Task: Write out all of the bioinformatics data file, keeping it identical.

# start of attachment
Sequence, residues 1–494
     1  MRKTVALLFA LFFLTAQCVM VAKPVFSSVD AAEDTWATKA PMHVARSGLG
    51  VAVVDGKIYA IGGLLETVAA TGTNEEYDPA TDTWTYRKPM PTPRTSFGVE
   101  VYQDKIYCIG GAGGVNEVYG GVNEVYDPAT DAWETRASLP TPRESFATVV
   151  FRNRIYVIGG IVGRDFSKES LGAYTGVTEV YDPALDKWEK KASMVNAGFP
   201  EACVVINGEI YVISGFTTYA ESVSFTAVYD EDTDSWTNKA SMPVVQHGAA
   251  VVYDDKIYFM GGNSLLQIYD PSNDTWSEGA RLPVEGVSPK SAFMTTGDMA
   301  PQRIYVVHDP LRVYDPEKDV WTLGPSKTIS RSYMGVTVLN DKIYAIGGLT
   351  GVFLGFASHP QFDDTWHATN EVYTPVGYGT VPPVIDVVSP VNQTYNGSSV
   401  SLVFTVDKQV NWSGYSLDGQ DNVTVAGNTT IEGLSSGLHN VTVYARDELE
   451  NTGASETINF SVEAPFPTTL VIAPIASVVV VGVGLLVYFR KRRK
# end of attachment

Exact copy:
Sequence, residues 1–494
     1  MRKTVALLFA LFFLTAQCVM VAKPVFSSVD AAEDTWATKA PMHVARSGLG
    51  VAVVDGKIYA IGGLLETVAA TGTNEEYDPA TDTWTYRKPM PTPRTSFGVE
   101  VYQDKIYCIG GAGGVNEVYG GVNEVYDPAT DAWETRASLP TPRESFATVV
   151  FRNRIYVIGG IVGRDFSKES LGAYTGVTEV YDPALDKWEK KASMVNAGFP
   201  EACVVINGEI YVISGFTTYA ESVSFTAVYD EDTDSWTNKA SMPVVQHGAA
   251  VVYDDKIYFM GGNSLLQIYD PSNDTWSEGA RLPVEGVSPK SAFMTTGDMA
   301  PQRIYVVHDP LRVYDPEKDV WTLGPSKTIS RSYMGVTVLN DKIYAIGGLT
   351  GVFLGFASHP QFDDTWHATN EVYTPVGYGT VPPVIDVVSP VNQTYNGSSV
   401  SLVFTVDKQV NWSGYSLDGQ DNVTVAGNTT IEGLSSGLHN VTVYARDELE
   451  NTGASETINF SVEAPFPTTL VIAPIASVVV VGVGLLVYFR KRRK